>Welcome To My Life*

>It’s almost 2011, and lots of people are reflecting on the year that’s gone by and the year to come and making their plans. I think that’s a great idea. So I’ve used the terrific My Life As a Book idea created by Pop Culture Nerd and tossed together a set of sentences to help us all think about the year to come – crime fiction style ;-).

Here’s the way I’ve used crime fiction stories to complete the sentences:

I plan to spend my New Year’s Eve (or I spent my New Year’s Eve): At Bertram’s Hotel – Agatha Christie

I’ve made a resolution to: Write to Kill (Daniel Pennac)

I plan to quit my habit of: Love, Lies and Liquor (M.C. Beaton) ;-)

I hope I’ll get to visit: The Hanging Valley (Peter Robinson)

One project I didn’t finish last year but want to finish this year is: The Murder Book (Jonathan Kellerman)

I want to learn: Killer Routine (Alan Orloff)

I’m not looking forward to: Hard Time (Sara Paretsky)

My biggest dream for the year is: Temporary Sanity (Rose Connors)

I hope I don’t end up: Dancing for the Hangman (Martin Edwards)

I’ll probably spend a lot of time: Killing Critics (Carol O’Connell) - Um – If you’re a writer, you probably really understand this one…

Now it’s your turn… Wanna play? Just copy and paste the sentences in your own blog and complete them with your own crime fiction choices. I’d sure love to read your answers!! You can put as many restrictions (e.g. only books you read in 2010, or only books on your 2011 TBR list, etc.) or as few (like I did) restrictions on your answers as you want. Oh, and feel free to use the image if you want to. C’mon, let’s play! It’ll be fun…..

*NOTE: The title of this post is the title of a Simple Plan song.


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Filed under Agatha Christie, Alan Orloff, Carol O'Connell, Daniel Pennac, Jonathan Kellerman, M.C. Beaton, Martin Edwards, Peter Robinson, Rose Connors, Sara Peretsky

>There’s Just Too Much That Time Cannot Erase*

>It’s a sad fact of life that we all get hurt. Most of the time, those scars can heal, and we go on with life. We may not forget what’s happened to us but we can pick up our lives and move forward. There are some hurts, though, that run so deep that we find it hard to “bounce back.” Some people never do. For those people, their lives are so permanently affected by what’s happened to them that it colours everything they do and how they see the world. As crime fiction shows us, it’s only natural to feel that hurt. Characters who do can resonate with readers and become sympathetic. But it can be dangerous – even deadly – to let those wounds – even the serious ones – rule our lives.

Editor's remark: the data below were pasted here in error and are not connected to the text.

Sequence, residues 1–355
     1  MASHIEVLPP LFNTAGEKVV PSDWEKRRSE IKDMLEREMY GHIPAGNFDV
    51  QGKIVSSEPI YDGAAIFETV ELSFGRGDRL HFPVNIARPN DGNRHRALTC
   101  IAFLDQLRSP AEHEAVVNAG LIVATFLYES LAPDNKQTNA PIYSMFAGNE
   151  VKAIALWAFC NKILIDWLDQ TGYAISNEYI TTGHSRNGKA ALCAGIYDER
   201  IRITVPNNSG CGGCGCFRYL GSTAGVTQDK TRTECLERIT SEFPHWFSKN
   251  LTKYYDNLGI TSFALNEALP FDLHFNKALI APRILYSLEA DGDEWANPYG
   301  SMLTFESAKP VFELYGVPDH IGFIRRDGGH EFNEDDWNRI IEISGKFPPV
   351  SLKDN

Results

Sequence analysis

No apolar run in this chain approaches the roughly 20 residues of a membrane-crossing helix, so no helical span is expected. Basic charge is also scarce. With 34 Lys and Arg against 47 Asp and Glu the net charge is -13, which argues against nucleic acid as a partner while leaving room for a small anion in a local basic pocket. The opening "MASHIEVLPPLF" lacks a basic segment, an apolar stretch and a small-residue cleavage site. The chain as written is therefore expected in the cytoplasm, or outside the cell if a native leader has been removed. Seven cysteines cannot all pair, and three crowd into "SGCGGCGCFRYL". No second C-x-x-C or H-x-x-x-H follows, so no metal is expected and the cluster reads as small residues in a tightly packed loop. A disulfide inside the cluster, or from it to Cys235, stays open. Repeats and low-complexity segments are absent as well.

There’s a really interesting case of how those old scars affect our lives in Agatha Christie’s Mrs. McGinty’s Dead. In that novel, Hercule Poirot investigates the death of a charwoman who lived and worked in the village of Broadhinny. Everyone believes that her unpleasant lodger James Bentley is responsible, and there is evidence against him. In fact, the evidence is so strong that he’s been convicted and is scheduled to be executed. Superintendent Spence thinks Bentley is innocent, though, and asks Poirot to investigate. Poirot agrees, travels to Broadhinny and begins to look into the case. He finds out that some of the people in Broadhinny have been keeping some secrets, and that Mrs. McGinty found out one of those secrets. It’s that secret that got her killed. Interestingly enough, another character in the novel has been, as you might say, scarred by that secret and actually came to the Broadhinny area for that reason. It’s admittedly a sub-plot in the novel, but it adds a layer of interest to that character.

In Christie’s The Mirror Crack’d (AKA The Mirror Crack’d From Side to Side), Miss Marple and her friend Dolly Bantry investigate the poisoning death of Heather Badcock. The death takes place shortly after Heather gets the chance to meet her screen idol Marina Gregg at a fête hosted by Marina and her husband Jason Rudd. At first, it’s assumed that Marina Gregg was the intended victim. She’s certainly made her share of enemies, among them rival actress Lola Brewster. Besides, the cocktail that killed Heather Badcock was originally Marina Gregg’s. It’s soon evident, though, that Heather was the intended victim all along. Now, Miss Marple and Dolly Bantry try to find out who would want to kill a seemingly harmless woman, and why. They discover that Heather Badcock was murdered because someone had an old scar that had never healed.